Permanent UK Resident

  • Passport (or Home Office letter if passport is not available)
  • Two of the following documents dated within the last two months:

utility bill (eg gas or electric), council tax bill, benefit document, rent or pension book, tenancy agreement

Permanent employment

  • Passport (or Home Office letter if passport is not available)
  • Employment letter (including date of commencement and length of contract)
  • Three payslips dated within the last three months/proof of tax returns and NI contributions

EEA settlement

  • Proof of EEA settlement Scheme
  • Passport (or Home Office letter if passport is not available)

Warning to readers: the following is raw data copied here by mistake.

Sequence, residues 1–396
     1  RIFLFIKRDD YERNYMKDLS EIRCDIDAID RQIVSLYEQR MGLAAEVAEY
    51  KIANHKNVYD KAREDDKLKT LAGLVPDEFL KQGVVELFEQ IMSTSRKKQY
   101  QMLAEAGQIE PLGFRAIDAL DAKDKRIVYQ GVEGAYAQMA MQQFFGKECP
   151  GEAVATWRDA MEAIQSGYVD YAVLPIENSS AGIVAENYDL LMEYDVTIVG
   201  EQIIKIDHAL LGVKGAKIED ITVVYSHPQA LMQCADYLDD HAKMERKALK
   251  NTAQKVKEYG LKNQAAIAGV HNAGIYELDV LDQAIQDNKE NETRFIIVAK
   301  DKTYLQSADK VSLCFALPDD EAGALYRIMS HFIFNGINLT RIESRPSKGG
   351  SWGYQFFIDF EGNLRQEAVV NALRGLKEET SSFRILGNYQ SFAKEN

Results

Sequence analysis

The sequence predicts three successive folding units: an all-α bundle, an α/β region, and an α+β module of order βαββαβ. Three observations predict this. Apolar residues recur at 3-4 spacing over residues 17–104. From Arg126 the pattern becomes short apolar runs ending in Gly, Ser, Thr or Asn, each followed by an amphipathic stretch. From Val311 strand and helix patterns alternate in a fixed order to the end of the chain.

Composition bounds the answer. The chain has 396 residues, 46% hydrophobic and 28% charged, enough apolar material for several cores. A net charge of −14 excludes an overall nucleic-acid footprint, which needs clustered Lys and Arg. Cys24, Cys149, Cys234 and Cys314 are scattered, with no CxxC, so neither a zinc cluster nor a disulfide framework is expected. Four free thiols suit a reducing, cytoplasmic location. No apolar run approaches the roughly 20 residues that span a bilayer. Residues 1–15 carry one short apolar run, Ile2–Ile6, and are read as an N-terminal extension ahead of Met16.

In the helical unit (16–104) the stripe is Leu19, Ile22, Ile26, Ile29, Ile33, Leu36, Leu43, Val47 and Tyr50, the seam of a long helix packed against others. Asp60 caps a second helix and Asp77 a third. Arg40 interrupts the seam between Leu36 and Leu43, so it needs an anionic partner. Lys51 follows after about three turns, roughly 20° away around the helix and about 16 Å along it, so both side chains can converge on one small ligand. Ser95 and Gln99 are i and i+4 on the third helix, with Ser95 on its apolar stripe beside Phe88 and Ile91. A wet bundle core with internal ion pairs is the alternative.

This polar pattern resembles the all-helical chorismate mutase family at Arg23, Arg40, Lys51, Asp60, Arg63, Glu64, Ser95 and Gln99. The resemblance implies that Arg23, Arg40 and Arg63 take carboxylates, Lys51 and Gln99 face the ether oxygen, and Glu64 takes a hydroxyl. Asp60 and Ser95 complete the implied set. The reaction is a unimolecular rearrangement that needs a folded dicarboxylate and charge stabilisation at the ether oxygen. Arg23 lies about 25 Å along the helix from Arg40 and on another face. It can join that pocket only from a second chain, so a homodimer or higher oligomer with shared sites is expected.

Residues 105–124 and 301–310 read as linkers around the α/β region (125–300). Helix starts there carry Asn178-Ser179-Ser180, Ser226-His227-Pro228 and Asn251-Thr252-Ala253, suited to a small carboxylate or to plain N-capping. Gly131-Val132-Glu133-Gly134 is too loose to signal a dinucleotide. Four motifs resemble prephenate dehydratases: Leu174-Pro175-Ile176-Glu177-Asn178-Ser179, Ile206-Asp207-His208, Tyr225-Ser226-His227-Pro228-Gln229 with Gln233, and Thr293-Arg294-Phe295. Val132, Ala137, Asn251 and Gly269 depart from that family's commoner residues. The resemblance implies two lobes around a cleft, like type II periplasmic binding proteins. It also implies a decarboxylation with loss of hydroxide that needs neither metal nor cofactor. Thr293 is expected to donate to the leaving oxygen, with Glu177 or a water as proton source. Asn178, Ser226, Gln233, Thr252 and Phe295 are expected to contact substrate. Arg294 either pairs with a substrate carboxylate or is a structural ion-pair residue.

• Three payslips dated within the last three months/proof of tax returns and NI  contributions
  • Three of the following documents dated within the last three months:

utility bill (eg gas or electric), council tax bill, benefit document, rent or pension book, tenancy agreement

EEA visitor

  • European Health Insurance Card (EHIC) or Provisional Replacement Certificate if EHIC not available

Visitor from outside

of the EEA

  • Passport (or Home Office letter if passport is not available)

Limited Leave to Remain

in UK

  • Passport (or Home Office letter if passport is not available)
  • Two of the following documents dated within the last two months utility bill (eg gas or electric), council tax bill, benefit document, rent or pension book, tenancy agreement.

Work Permit Holder

  • Passport (or Home Office letter if passport is not available)
  • Employment letter (including date of commencement/length of contract)
  • Three payslips dated within the last three months/proof of tax returns NI contributions